The COVID-19 pandemic has hit the travel and tourism industry hard. The virus has brought travel almost to a standstill, as countries shield their population by enforcing lockdowns and travel bans. Airlines worldwide were forced to cut capacity up to 95%. Hence, airlines have been facing the problem of idle capital while continuing to have fixed cost and no income as bookings went down to almost nil. IATA analysis suggests that the median global airline had cash reserves for only two months at the end of 2019. As the pandemic induced crisis has continued now for more than three months, most (if not all) airlines are close to insolvency.
Those airlines which are privately owned and commercially run now have to seek help from their government to secure financial support as a last resort. Options range from financial guarantees to complete nationalization of the carrier. In cases of previously profitable airlines, governments have been willing supporters. Does that mean the return of the state-owned carrier?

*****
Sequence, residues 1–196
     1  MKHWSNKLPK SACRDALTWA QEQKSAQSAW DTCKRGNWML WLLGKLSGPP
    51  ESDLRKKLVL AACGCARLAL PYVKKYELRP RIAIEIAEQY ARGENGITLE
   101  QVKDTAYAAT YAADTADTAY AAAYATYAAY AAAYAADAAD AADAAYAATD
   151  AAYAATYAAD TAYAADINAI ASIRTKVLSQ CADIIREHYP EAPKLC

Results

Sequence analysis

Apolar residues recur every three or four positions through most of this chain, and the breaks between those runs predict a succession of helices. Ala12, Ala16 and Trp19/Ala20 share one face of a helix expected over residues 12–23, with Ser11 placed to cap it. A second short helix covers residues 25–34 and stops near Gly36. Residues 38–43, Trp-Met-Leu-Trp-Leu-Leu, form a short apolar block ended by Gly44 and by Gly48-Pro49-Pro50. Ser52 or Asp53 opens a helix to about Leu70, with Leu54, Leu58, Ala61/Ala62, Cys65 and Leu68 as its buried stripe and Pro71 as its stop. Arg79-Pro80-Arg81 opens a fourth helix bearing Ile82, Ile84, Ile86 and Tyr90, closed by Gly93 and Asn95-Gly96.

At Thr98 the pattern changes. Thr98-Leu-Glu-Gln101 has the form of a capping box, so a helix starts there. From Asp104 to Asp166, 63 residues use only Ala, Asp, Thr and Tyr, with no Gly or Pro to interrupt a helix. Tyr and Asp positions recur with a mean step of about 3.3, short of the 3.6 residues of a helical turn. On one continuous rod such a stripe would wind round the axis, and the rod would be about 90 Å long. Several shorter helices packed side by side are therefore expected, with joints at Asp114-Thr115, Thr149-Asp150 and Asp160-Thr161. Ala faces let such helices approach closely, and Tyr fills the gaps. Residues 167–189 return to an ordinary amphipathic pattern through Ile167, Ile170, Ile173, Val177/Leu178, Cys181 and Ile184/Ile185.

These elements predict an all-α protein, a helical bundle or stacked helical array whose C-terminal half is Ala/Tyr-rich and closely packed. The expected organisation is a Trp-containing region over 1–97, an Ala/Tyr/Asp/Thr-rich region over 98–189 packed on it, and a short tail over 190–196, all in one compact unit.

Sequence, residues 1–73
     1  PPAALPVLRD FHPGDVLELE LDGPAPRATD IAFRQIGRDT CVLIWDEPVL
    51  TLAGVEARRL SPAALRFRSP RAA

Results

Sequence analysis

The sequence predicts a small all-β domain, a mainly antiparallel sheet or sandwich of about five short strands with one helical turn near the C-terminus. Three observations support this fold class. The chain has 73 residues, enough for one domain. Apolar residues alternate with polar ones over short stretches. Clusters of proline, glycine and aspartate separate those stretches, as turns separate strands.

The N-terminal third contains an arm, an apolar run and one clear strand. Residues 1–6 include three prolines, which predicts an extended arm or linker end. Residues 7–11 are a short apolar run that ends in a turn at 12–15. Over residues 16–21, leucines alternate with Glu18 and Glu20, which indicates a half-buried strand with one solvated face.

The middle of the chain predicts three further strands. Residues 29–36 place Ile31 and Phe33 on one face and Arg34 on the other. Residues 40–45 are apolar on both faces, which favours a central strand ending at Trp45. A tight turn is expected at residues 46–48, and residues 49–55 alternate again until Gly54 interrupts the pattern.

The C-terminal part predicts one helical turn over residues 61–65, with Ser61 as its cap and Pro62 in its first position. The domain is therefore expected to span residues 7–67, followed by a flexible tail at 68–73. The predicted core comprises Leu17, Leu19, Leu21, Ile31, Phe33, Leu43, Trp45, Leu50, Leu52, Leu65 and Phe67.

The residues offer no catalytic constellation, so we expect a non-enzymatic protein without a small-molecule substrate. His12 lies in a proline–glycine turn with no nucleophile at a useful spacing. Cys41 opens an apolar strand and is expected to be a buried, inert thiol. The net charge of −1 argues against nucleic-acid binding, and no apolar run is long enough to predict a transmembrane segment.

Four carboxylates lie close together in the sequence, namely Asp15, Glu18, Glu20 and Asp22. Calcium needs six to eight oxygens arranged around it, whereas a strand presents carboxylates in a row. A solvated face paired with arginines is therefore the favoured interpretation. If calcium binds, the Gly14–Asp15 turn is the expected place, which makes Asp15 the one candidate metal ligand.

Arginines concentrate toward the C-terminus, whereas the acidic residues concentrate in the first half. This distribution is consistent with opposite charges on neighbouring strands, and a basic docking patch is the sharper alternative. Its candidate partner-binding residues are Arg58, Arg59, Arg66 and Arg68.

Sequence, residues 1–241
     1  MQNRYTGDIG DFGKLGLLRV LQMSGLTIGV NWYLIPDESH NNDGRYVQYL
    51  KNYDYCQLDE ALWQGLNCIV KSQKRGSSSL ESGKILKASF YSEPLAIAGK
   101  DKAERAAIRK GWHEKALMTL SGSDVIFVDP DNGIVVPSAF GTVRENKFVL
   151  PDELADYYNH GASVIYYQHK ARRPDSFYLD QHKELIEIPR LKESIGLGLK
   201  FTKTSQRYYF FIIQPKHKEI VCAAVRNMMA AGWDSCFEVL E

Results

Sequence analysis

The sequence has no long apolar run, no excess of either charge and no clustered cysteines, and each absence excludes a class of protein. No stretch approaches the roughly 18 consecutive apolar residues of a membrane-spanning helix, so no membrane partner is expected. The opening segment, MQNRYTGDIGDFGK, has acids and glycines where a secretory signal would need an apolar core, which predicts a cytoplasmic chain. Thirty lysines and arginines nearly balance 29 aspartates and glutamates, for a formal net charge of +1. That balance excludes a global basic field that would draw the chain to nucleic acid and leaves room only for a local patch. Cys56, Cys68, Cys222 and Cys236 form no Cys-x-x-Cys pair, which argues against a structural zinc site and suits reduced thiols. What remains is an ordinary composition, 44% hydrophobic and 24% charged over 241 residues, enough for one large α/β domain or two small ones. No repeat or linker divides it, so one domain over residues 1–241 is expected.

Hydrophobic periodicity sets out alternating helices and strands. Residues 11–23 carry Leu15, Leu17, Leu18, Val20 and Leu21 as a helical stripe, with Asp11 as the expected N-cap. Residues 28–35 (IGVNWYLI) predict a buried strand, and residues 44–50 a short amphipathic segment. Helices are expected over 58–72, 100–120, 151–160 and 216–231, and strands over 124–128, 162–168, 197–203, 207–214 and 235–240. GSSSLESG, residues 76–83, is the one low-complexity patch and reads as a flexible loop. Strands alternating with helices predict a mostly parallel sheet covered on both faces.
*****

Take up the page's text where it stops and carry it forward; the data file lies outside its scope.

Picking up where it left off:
For most countries air travel is vital for the economy. It connects and integrates markets, it provides access for inbound and outbound travel (pleasure and business), it is a major employer and economic driver for their communities. Governments have long recognized the importance of airlines for the national infrastructure. Actually, in terms of numbers most airlines worldwide are state owned.
The question is whether government involvement will lead to positive governance or public (i.e. political) control. Cautionary tales are numerous, but as history has shown, not all state-owned carriers are doomed for competitive disadvantages.
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